Friday, June 20, 2014

Adventures in Purging - Part 1

The StashBusters class was great - if they offer it again, take it!  Seriously.  Take it.  Have I said that enough?  Is it coming across that it's among my faves?  Not only did I create (and I created a lot), but I dug in and dug out.  I used new stuff and old stuff.  I used stuff I forgot about (eyelets) or that I've always wanted to (stamps.) It inspired Throw Back Thursdays and has me rethinking the storage of my embellishments.

While the thrust of the class was to use your stash, it was mentioned at least once (or maybe I read that into the class) that if you don't love it, let it go.  I think the letting it go part, especially after a class where digging into your stash and sort of reacquainting yourself with it, is easier to do, but it's not necessary.  I, myself, dug into some of my old, like way old, kits.  I'd sorted them out a few years ago (purging should be more frequent) and hadn't touched or thought of them since.  As a result, the kids' school was the recipient of a large box of, mostly, patterned paper and cardstock.

So, I thought I'd PSA (Public Service Announcement) my purging process with you in the hopes that it'll help you part ways with products you don't reach for, maybe never have.  It's freeing - in mind, spirit and in space.  Why are we so attached to products that do nothing for us, anyway?

First a quick note about my own stash.  I don't have specific paper storage, loose paper, that is.  I'd say 95% of my stash is in kits (as seen above.)  I use them that way, and they stay that way until I've put all that I can to use.  Once I'm done with a kit, I'll pull out any remaining embellishments, but the papers are either tossed or put in the donate box.  I have some collections of a particular line, but those are treated just like a kit - together until the bitter end.  I can tell by my current storage that if I had loose paper, it'd be stored by manufacturer.  Cardstock is by color.  Embellishment storage is under review - but currently sorted by the type of embellishment with brads, buttons and ribbon also broken down by color.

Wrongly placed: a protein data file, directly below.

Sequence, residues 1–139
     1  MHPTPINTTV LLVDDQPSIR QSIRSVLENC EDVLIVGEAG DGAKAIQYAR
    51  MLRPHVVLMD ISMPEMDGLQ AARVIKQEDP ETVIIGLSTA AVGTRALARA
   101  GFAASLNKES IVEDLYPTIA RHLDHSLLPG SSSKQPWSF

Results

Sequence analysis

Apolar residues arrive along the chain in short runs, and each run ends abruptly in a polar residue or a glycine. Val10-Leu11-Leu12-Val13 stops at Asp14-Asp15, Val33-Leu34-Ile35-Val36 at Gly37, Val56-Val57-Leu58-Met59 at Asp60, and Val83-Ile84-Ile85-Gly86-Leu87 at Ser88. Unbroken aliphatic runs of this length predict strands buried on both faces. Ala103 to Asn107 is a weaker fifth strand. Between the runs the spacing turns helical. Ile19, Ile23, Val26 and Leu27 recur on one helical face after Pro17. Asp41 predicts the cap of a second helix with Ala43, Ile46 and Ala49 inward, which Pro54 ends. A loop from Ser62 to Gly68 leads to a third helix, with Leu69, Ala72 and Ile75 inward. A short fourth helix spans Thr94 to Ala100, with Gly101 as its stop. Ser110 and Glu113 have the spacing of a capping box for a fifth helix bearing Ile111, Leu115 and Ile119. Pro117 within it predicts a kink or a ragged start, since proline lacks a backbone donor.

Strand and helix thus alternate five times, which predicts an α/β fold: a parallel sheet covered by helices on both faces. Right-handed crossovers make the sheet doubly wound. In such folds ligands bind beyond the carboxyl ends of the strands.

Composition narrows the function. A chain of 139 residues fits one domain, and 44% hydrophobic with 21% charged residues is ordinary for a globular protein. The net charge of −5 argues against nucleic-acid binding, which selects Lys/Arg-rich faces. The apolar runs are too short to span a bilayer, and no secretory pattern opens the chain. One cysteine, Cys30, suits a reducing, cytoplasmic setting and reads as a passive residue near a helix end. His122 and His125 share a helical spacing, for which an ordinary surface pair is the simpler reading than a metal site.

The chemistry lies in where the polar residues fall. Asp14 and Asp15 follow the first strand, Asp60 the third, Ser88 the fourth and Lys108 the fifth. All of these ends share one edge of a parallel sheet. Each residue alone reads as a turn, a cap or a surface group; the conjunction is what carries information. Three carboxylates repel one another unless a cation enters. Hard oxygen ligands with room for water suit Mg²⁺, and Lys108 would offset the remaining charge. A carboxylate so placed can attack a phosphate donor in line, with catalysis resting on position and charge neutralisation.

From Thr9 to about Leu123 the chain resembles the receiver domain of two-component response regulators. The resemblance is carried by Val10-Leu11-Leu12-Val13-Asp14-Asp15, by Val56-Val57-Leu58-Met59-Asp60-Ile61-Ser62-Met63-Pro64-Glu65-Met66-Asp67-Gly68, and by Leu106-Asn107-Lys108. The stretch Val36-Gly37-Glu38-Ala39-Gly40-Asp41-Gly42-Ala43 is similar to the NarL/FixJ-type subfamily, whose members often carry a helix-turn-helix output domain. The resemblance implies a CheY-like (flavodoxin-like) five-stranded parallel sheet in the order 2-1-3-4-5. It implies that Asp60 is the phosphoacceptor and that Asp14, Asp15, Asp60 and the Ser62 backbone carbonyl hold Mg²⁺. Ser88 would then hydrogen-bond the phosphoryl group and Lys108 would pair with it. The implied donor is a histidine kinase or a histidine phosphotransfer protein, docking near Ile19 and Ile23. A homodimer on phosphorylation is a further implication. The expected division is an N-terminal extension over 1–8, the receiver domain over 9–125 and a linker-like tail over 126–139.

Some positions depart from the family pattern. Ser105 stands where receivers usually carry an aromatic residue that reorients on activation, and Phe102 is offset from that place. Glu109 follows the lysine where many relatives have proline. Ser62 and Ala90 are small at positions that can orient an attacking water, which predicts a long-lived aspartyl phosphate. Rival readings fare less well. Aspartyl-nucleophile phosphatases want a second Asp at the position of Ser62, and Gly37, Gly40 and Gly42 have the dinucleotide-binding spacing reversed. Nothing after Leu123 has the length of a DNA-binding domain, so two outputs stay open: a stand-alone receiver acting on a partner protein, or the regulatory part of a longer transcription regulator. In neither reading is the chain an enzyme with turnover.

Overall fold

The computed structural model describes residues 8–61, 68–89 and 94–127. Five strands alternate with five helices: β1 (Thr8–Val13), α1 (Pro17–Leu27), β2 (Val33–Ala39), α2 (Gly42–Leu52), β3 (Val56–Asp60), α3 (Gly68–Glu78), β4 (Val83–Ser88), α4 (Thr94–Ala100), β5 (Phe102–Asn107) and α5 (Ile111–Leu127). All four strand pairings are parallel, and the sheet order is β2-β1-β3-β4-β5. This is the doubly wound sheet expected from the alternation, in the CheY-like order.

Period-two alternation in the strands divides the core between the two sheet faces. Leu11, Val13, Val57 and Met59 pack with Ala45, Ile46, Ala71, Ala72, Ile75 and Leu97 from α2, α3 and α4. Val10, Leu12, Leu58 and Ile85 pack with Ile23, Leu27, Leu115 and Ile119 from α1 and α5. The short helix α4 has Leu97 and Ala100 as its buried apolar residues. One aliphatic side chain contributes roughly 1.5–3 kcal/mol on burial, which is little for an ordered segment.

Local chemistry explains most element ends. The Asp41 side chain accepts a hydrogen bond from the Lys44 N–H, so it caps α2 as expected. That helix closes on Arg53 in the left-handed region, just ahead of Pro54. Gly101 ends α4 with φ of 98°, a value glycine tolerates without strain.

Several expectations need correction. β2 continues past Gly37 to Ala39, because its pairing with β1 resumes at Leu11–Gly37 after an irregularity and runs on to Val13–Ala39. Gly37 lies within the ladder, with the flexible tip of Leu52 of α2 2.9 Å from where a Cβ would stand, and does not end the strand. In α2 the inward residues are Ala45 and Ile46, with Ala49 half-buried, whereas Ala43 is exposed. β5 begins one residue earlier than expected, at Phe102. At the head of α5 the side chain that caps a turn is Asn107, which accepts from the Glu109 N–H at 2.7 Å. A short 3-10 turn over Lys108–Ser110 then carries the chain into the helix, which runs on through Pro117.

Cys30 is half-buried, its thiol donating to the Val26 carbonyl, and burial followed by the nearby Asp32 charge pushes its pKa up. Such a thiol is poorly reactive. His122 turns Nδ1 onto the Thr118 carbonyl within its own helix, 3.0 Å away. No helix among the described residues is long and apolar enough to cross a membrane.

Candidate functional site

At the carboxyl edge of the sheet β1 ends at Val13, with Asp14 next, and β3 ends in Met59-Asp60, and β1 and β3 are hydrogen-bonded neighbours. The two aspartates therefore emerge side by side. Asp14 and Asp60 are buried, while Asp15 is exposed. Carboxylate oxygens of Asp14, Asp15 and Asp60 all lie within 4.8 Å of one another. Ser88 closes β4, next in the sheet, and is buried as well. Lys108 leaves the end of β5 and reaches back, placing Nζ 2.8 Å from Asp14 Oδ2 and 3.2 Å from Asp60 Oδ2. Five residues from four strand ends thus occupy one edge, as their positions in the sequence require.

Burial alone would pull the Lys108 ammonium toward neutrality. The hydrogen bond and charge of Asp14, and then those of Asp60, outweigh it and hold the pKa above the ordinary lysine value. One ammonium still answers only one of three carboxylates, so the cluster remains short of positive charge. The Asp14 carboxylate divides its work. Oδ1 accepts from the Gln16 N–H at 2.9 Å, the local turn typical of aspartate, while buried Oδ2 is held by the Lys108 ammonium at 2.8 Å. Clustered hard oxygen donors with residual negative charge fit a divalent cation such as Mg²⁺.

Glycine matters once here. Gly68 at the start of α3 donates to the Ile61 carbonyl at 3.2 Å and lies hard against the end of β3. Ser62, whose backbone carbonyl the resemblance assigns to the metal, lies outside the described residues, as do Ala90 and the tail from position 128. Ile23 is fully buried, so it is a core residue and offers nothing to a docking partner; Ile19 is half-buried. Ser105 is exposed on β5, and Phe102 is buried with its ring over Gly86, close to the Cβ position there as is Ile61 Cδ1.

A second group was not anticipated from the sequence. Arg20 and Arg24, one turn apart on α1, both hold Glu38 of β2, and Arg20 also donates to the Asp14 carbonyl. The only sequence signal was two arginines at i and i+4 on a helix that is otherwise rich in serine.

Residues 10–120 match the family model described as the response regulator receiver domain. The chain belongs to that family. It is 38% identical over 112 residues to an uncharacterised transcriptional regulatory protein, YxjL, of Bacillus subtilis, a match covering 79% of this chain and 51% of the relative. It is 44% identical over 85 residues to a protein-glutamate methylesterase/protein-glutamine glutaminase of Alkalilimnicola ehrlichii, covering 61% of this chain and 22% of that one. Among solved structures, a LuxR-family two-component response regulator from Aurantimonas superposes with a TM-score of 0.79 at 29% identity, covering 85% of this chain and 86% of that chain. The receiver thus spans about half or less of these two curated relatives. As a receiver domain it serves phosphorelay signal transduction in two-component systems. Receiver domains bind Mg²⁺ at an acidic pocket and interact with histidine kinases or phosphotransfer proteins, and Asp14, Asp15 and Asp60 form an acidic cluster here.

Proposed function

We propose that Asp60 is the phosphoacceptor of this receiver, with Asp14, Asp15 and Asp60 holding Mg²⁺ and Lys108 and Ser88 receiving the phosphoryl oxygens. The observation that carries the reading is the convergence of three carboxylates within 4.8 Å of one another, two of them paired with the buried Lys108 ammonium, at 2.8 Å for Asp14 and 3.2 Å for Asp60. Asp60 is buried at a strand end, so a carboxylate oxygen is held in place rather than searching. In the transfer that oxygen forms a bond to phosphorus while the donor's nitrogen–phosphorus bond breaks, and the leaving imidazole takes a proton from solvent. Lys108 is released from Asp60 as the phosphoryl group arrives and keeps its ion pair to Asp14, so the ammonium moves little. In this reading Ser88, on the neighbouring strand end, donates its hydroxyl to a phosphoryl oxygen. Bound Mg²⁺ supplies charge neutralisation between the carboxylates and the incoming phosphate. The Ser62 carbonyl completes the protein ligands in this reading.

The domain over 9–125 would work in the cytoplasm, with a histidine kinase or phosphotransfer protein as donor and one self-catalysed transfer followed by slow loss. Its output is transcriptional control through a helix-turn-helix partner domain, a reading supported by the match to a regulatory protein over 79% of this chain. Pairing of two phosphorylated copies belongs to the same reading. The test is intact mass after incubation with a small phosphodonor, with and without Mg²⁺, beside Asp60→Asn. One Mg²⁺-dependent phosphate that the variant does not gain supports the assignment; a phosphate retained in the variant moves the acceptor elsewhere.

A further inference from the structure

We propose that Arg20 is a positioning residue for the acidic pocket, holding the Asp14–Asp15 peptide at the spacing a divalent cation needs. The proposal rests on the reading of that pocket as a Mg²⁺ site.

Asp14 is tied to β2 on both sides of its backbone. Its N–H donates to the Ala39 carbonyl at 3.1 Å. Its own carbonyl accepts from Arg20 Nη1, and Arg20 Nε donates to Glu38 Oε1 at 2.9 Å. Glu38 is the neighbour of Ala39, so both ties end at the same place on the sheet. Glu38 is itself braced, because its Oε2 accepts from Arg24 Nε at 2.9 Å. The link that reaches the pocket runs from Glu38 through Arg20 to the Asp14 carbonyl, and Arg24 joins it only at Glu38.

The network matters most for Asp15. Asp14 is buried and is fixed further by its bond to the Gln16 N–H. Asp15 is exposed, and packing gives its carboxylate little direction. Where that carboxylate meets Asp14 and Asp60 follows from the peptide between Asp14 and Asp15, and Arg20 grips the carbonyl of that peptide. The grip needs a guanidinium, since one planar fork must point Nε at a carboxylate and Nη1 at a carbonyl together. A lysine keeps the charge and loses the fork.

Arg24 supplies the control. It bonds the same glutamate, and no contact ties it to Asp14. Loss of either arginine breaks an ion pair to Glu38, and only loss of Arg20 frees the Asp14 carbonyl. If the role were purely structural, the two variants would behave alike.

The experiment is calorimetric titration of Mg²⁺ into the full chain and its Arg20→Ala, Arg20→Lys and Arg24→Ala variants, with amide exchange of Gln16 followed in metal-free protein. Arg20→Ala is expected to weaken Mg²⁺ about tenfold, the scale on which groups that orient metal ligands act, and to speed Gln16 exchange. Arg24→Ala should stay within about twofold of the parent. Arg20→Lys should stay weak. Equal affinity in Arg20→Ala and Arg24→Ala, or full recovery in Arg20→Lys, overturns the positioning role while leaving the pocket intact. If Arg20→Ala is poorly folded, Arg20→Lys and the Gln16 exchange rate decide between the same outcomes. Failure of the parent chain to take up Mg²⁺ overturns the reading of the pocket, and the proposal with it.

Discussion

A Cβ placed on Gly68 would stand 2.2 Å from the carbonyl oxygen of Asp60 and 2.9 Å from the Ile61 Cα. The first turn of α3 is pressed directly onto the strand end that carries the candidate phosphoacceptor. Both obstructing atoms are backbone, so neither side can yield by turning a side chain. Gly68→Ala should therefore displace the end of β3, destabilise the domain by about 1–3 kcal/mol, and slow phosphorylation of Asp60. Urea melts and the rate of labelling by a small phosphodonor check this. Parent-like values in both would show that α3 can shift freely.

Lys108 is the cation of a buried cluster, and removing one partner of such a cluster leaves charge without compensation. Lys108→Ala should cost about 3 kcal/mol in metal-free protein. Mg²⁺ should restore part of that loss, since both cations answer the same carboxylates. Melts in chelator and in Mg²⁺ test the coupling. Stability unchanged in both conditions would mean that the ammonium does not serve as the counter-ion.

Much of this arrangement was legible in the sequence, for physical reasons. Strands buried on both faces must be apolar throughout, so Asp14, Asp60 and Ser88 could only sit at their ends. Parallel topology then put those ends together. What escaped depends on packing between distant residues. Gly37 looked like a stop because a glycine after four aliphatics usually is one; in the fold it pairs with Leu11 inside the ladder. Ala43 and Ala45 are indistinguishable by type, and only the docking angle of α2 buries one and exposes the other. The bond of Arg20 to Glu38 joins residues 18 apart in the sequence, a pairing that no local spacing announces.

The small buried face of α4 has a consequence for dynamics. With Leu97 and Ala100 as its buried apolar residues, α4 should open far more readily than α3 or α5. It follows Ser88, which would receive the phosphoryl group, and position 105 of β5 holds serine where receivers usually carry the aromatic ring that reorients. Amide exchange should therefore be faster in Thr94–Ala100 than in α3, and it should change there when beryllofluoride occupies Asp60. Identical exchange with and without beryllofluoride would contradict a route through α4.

I'll make these posts short, well after today's, that is.  Today, part one:

As you sit with a pile, drawer or stack in front of you, ask yourself, "Do I have to talk myself into it?" 

Oftentimes I’ll put something in the “toss” pile, knowing without a doubt that I am not in love with the object or the potential projects it represents. But then I do the double-think thing, telling myself, “Weeeelll, I could paint it yellow/take it apart/learn how to use it…” If you find yourself talking yourself into keeping something, stop. Let it go. Move on. There are plenty of projects and supplies to love without forcing yourself into a half-hearted relationship with Mr. Not-Quite-Right.  If you're an altering-it-to-fit kind of crafter you wouldn't be considering that particular item for the toss/giveaway pile.

Look around your space.  Toss or give away the first five things you find where you are talking yourself into keeping.  

Go.  Purge.


Susanne said...

I had taken the stashbusters class a while back, and I agree it is a good one. I'm interested in seeing your additional posts on purging. I don't keep my kits together for a long period of time - usually when they are about half done, I'm ready to move on and so I sort things out into loose paper and embellishments. For me they are apt to get new life in my eyes if they are surrounded by new friends.

wendipooh13 said...

great great post!!! I totally just purged this week... cuz we were moving.. LOL.. so kinda had to, but I got rid of sooooo much!!

Lori S @ Apron Strings said...

S - I know of several scrapbookers who break apart their kits, too. I think adding new product to older stash is an excellent way of breathing in new life. . .or introducing new friends. LOL

Wendi - funny how moving, or a garage sale, can motivate you to clean out.